Just like The Body before it, Once More With Feeling is shot in a drastically different way than the rest of the show. The camera angles and the sets are often reminiscent of music videos (Let Me Rest in Peace), or classical musicals (Overture, Going Through The Motions). A particularly bright example of this is Xander and Anya's I'll Never Tell, where they both wear very stylish and retro looking bed clothes (Xander's flapping silk pyjamas are a little masterpiece of kitsch, and Anya's crimson mini-skirt, bra and fluffy high-heels are the hotness), and the camera has that arc-shot going diagonally above the characters (you know the one, and Whedon knows it too; he mentions it specifically in the commentary of the episode).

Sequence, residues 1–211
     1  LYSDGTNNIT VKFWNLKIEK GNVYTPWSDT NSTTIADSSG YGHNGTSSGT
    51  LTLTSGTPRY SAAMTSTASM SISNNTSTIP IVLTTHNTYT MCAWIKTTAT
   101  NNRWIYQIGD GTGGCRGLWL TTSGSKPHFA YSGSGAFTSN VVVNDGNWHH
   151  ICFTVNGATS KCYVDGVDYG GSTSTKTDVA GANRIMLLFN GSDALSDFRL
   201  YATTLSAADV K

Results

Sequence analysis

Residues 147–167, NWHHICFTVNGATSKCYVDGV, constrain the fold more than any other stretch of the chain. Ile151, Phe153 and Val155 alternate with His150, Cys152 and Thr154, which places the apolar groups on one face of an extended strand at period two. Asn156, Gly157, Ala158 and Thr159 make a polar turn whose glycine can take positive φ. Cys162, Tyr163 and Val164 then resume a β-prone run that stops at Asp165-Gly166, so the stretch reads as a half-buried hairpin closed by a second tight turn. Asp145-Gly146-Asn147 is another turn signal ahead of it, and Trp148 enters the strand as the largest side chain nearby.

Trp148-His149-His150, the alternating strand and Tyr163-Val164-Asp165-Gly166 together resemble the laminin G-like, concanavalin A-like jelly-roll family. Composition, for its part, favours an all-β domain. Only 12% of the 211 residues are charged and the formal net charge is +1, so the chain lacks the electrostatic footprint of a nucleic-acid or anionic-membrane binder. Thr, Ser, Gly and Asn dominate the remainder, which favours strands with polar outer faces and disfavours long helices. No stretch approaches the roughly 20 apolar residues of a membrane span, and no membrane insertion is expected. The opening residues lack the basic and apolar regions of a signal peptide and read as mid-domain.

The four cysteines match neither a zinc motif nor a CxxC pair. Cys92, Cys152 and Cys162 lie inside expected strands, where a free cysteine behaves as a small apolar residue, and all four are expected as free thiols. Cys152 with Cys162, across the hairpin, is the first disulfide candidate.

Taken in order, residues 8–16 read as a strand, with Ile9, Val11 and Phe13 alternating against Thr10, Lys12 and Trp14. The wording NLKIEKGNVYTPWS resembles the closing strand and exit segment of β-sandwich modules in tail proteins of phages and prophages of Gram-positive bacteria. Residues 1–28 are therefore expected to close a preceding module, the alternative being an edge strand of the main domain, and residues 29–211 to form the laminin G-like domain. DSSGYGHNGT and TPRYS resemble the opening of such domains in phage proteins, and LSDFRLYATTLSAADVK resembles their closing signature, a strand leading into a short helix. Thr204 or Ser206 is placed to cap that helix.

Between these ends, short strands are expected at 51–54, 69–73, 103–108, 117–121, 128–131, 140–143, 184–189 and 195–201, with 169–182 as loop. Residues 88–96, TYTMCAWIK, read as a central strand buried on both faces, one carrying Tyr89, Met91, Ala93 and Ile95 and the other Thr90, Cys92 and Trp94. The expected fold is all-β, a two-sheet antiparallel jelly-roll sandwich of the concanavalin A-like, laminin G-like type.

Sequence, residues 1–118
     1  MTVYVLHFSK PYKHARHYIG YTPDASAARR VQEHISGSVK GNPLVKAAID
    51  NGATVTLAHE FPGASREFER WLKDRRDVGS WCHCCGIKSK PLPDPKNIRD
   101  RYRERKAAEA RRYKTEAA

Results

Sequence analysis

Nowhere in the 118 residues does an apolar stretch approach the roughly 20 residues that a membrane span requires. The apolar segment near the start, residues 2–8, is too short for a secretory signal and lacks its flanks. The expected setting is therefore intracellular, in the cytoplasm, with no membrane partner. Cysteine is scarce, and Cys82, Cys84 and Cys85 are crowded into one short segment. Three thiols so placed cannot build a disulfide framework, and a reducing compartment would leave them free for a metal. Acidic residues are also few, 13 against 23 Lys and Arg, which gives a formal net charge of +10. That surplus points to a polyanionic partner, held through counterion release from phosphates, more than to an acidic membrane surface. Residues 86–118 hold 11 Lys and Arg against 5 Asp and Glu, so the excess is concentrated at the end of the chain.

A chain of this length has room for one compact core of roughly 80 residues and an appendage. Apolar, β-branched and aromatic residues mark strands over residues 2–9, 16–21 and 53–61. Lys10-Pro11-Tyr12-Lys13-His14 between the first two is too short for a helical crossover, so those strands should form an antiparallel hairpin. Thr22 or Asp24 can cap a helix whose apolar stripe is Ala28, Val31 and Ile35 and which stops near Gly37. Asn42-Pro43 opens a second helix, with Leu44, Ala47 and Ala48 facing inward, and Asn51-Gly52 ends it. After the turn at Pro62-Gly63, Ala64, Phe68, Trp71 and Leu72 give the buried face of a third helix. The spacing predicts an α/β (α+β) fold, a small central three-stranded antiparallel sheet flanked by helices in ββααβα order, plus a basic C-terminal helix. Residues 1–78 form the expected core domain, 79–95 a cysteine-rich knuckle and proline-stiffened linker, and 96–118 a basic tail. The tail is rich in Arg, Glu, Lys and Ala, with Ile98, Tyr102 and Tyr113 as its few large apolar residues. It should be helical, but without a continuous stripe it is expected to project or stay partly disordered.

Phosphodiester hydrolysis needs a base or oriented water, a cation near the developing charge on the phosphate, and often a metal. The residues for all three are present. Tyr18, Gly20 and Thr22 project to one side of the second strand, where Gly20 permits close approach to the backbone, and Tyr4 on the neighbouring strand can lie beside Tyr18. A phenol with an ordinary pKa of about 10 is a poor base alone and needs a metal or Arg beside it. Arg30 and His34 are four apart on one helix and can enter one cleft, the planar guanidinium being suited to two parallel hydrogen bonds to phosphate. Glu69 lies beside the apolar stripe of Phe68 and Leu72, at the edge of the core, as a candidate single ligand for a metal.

It is ironic, but being so bright, colorful and hilariously awesome, Once More With Feeling is also perhaps the most serious episode in this already quite serious season. Season 6 deals with the traumatic experience that is real life - the stuff that you cannot slay, that you cannot escape - and so it is a stroke of true genius that the very hub of this depressing wheel is, in contrast, a cheery musical episode. Make no mistake. None of the songs, even the funniest and lighthearted ones, is just for fun. They all move the plot forward, develop the characters further, or bear some hidden subtext. Willow's unhealthy addiction to magic leads to the fracturing of her relationship with Tara, while I'll Never Tell sows the first seeds of the very whedonesque development of Xander and Anya's story-line (it is Whedon's one huge flaw, the one that not even the most devoted fan could deny - his raging intolerance for happy endings when it comes to relationships). But it is Buffy's final revelation that completely shatters the Scoobies' world - the fact that they did not save her from Hell, but instead dragged her away from Heaven.